Gary Born, Chair of the International Arbitration Practice at Wilmer Cutler Pickering Hale and Dorr LLP and the world’s preeminent authority on international commercial arbitration and international litigation, recently delivered the 2014 Lalive lecture.
The annual Lalive lecture series provides a forum for intellectual reflection on developments in the interface between public and private international law. The series is named in honor of the late Jean-Flavien Lalive and Professor Pierre Lalive, two prominent Geneva lawyers, who dedicated their professional and academic careers to the interaction between these two fields.
Speaking to an audience of international law professors, practitioners and students at the Graduate Institute of International and Development Studies in Geneva, Mr. Born reviewed the development of international dispute settlement, focusing on the proliferation of international courts and tribunals over the last 40 years. He queried the common wisdom that the products of this proliferation—what he called second-generation tribunals—suffer from the same defects as first-generation international courts and tribunals. He compared what he labeled first- and second-generation international tribunals, arguing that, in terms of the extent to which they are used, compliance with their decisions and the ease of enforcing their awards, first-generation tribunals compare unfavorably to second-generation tribunals.
Attributing much of the apparent success of second-generation tribunals to their nuanced blend of institutional characteristics, Mr. Born suggested that second-generation tribunals partly depart from the court-like structure of "independent" tribunals and include some attractive aspects of "dependent" tribunals, allowing for some degree of party control in the setting up of the tribunal. He noted that this provides a model design for modern-day international dispute settlement bodies, but also that this new generation of international tribunals is still developing and that they require the attention, direction and parent-like care of the college of international lawyers.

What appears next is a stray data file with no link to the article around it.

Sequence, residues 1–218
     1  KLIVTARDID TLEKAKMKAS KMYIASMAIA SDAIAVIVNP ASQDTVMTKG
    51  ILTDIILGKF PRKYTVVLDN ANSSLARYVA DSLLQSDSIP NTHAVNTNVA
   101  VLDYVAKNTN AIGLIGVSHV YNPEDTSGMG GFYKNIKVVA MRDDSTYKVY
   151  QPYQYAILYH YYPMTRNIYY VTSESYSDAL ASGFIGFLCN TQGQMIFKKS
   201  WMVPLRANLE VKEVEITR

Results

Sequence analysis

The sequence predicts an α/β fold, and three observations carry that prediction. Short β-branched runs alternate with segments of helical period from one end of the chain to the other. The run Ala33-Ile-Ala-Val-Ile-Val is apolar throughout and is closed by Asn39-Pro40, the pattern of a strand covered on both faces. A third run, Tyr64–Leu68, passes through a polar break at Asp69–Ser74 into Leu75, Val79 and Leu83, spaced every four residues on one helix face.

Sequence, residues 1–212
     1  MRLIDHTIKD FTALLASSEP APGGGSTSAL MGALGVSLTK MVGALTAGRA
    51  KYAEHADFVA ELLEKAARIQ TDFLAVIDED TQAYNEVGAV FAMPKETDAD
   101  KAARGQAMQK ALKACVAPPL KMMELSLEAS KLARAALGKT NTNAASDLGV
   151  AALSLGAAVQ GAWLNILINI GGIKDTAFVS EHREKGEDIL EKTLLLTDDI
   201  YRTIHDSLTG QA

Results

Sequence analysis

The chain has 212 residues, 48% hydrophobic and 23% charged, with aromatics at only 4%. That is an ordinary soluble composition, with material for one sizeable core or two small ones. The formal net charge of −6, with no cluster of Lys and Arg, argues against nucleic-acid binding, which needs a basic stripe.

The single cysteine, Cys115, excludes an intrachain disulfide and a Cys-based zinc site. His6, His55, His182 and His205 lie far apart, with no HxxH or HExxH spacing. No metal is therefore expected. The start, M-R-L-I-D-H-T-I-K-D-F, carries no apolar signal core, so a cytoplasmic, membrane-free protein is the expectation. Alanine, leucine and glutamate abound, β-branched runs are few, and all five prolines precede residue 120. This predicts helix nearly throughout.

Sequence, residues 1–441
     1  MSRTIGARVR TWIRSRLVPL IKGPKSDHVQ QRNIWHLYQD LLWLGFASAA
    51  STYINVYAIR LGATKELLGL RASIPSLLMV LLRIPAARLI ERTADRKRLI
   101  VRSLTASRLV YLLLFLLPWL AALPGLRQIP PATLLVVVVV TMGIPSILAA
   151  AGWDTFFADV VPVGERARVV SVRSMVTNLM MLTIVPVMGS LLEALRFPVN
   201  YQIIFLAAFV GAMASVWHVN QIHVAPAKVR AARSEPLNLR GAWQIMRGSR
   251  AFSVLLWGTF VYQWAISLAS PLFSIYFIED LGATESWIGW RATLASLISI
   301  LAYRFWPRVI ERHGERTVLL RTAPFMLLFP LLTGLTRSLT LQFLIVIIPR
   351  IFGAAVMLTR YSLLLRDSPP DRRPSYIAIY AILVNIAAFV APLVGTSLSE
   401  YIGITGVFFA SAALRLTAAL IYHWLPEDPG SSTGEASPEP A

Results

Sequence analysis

In the interactive session that followed the lecture, Mr. Born answered questions about the consequences of this emergence of a new generation of international tribunals. He also gave his thoughts on the likely form that any third-generation international tribunals might take, suggesting that they would take their lead from second-generation ones. He noted that he has seen little evidence that international law could not be held together through a diverse group of bodies interpreting and applying it, and that the, often multiple, roles played by prominent members of the international legal community—who tend to sit on several different tribunals at once—is a factor helping to ensure its coherence.
More information on Gary Born’s participation in the lecture is available on Global Arbitration Review's website.
(From left: Gary Born delivers 2014 Lalive lecture in Geneva; and Professor Pierre Lalive.)